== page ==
There’s Splashdown – the waterpark, a 10 screen cinema, a bowling alley and restaurants including Nando’s, TGI Friday’s and Pizza Hut.

Basically it’s a teenage birthday party but for all ages.

The food

The best fish and chips in the area (or possibly the country) can be found at Chez Fred in Westbourne (between Bournemouth and Sandbanks).

For mouthwatering burgers and delicious desserts head to Sixty Million Postcards.

It’s also the place to go if you’re a beer connoisseur as it has a huge range.

The restaurant / bar is achingly cool and turns into a club later at night.

Sixty million postcards bar 2
(Picture: Sixty Million Postcards)

They also host regular quiz nights and have information on the latest gigs and nightlife in the area.

The shopping

12 reasons to visit Bournemouth and Poole whatever the weather
(Picture: Getty)

Bournemouth is the better, prettier and more compact high street compared to Poole, with department stores, a big book shop and plenty of cafes along with way.

If you’re a fan of vintage shops, try Christchurch Road in Pokesdown too.

Try to spend at least a day in Boscombe too – the village along from Bournemouth with a big personality.

The festivals and nightlife

pic - alamy F3PX4W Bournemouth, Dorset, UK - 11th October 2015. Creatmosphere - A River of Light at Bournemouth Lower Gardens, Bournemouth, Dorset, UK. The event is part of the Bournemouth Arts by the Sea Festival. Floating objects were created during the day and were launched on the river Bourne at 7pm, which lit up the river as they floated down stream in front of hundreds of spectators lined up along the river bank - Picture: Graham Hunt/Alamy Live News
A River Of Light at Bournemouth Lower Gardens during their Arts By The Sea Festival (Picture: Alamy)

Bournemouth is a great night out, popular with students, stag and hen dos and all ages.

Most of the clubs and bars are around Old Christchurch Road and Exeter Road.

You can start at Aruba bar at the pier for cocktails and dancing, walk through the Lower Gardens then make your way to Halo or Le Chic among others.

For sophisticated drinks with a stunning view head up to Level8ight The Sky Bar in the Bournemouth Hilton.

There’s also events and festivals throughout the year, the next big one being Arts By The Sea from October 8-15.

Where to stay

Hilton_Bournemouth_Exterior
(Picture: Hilton Bournemouth)

I stayed at the Bournemouth Hilton which is slap bang in the middle of all the action – a few minutes’ walk from the shops, clubs, pubs and The Lower Gardens.

It’s also about 15 minutes’ walk to the beach.

The ground floor, all-day restaurant, Schpoons & Forx, serves up every kind of breakfast imaginable.

349A8736
(Picture: Hilton Bournemouth)

The hotel is interspersed with fun, quirky decor ideas such as a whole wall of bells at the front desk, bowler hats as lights and old-fashioned phones on the wall in the business lounge and pinwheel motifs in the gorgeous, box fresh rooms –

Copyright of Pellier Photography
(Picture: Pellier Photography for Hilton Bournemouth)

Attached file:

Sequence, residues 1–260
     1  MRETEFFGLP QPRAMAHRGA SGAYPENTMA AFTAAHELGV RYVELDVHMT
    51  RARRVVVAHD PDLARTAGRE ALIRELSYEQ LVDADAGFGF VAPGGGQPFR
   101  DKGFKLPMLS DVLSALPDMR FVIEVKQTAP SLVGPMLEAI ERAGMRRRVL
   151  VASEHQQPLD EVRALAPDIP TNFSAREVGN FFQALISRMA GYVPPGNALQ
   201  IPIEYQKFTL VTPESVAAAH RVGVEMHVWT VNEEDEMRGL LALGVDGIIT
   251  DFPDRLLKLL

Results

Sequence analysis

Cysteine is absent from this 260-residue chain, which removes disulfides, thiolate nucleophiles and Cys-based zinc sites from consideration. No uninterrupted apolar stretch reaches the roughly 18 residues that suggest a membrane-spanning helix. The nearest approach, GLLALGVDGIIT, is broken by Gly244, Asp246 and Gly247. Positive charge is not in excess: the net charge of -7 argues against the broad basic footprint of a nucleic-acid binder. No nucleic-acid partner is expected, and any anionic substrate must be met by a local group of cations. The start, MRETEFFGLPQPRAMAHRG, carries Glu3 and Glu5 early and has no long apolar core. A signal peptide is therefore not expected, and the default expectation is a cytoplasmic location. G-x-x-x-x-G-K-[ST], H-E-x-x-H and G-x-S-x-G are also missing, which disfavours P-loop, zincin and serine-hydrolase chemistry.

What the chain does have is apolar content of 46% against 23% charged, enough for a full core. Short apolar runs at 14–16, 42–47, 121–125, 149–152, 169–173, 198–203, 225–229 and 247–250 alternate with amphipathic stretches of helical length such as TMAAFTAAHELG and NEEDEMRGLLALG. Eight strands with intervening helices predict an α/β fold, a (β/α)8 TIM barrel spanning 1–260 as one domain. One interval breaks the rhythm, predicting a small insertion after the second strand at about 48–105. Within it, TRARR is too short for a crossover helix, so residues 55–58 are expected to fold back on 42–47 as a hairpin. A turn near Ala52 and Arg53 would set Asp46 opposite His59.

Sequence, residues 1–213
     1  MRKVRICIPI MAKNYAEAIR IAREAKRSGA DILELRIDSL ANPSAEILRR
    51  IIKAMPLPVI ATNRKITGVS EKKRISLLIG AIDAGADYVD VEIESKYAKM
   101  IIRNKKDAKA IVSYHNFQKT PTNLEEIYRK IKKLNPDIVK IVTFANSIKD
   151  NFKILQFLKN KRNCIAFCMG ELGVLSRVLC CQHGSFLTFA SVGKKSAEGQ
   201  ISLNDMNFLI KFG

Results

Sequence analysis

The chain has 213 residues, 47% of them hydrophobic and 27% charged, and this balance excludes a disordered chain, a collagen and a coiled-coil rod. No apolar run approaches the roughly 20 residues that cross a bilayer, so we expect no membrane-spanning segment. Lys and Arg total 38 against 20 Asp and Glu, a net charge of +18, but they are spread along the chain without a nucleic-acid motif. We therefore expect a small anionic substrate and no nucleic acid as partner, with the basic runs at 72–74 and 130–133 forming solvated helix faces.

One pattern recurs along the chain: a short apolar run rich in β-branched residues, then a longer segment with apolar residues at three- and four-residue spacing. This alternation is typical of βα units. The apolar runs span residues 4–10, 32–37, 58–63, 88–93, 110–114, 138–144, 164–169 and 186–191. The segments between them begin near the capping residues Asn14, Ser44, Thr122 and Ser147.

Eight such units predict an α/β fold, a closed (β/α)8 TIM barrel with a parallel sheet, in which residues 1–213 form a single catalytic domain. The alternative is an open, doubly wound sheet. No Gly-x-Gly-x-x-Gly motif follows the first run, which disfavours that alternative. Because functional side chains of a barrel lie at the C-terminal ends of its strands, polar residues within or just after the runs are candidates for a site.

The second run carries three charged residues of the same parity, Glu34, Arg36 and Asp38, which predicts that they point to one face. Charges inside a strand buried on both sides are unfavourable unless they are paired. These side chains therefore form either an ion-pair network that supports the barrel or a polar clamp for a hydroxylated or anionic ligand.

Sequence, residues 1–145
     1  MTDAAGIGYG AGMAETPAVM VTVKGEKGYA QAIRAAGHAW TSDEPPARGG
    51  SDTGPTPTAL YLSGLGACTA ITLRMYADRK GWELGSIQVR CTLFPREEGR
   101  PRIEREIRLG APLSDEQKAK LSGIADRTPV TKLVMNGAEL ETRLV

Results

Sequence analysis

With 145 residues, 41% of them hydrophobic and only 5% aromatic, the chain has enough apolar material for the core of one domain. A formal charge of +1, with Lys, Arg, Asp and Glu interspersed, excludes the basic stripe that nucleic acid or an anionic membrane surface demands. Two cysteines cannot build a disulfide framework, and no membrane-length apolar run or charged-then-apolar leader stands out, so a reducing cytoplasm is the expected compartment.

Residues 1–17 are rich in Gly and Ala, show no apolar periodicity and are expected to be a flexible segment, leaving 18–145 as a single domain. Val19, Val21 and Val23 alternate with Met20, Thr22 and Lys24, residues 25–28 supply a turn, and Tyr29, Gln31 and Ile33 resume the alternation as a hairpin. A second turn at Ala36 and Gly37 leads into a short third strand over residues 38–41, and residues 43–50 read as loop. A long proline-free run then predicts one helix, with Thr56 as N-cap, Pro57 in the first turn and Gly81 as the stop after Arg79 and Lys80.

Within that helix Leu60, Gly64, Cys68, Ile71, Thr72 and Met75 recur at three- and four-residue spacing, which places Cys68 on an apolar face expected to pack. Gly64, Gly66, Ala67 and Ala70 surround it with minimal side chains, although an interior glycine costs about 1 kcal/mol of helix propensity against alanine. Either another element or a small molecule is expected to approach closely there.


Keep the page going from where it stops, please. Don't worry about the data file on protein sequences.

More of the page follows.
But the showstopper here is the aforementioned Sky Bar which is worth a visit whether you’re a guest or not.

Mary's Trio
(Picture: Hilton Bournemouth)

Rooms at the hotel cost from £101 for a king guest room.

How to get there

South West Trains run direct services from London Waterloo to Bournemouth from £51.80 return travelling off-peak.

Make sure you check the trains beforehand – you can do the journey in 1 hour 45 minutes but, if you get a stopping train, it can take more than three hours.

By Sarah Adams in www.southafrican.com

While the allure of Europe is difficult to outshine, these English cities are just perfect for weekend getaways.

Our ultimate list of English cities to escape to for a weekend.

Words by Geordie Palmer

Windsor

Just under an hour on the train from London Waterloo, Windsor is a great day trip. Most famously it is the home of the world’s largest and oldest castle that is still lived in. It is of course Queen Elizabeth II who lives at Windsor Castle, although not all the time – her weekend house if you like. If the flag is raised then Lizzie is there.

English City Wikipedia/Diliff
Otherwise you can stroll about in Windsor Great Park or cross the bridge into Eton and visit one of the most famous schools in the world and its pupils in their funny little penguin uniforms.

Brighton

Starting in the late 18th Century with the then Prince of Wales, Brighton built its reputation as a weekend retreat for the unfaithful, kind of like a 19th Century Ashley Madison. Today, Brighton is Britain’s bohemian seaside resort, the eccentric family member that everyone adores.

English City
Postcards evoke a pebbly beach, a famously tacky pier and the opulent Royal Pavilion. But it’s Brighton’s cheery, colourful charm that brings the visitors in. As the UK’s biggest gay scene and home to two universities and an art college, Brighton can be summed up in one word: fun.

The summer is the best time to go as foreign students, tourists, festivals and quirky events all come to town; but Brighton is great all year round. And as it’s an hour outside of London, you really have no excuse.

Canterbury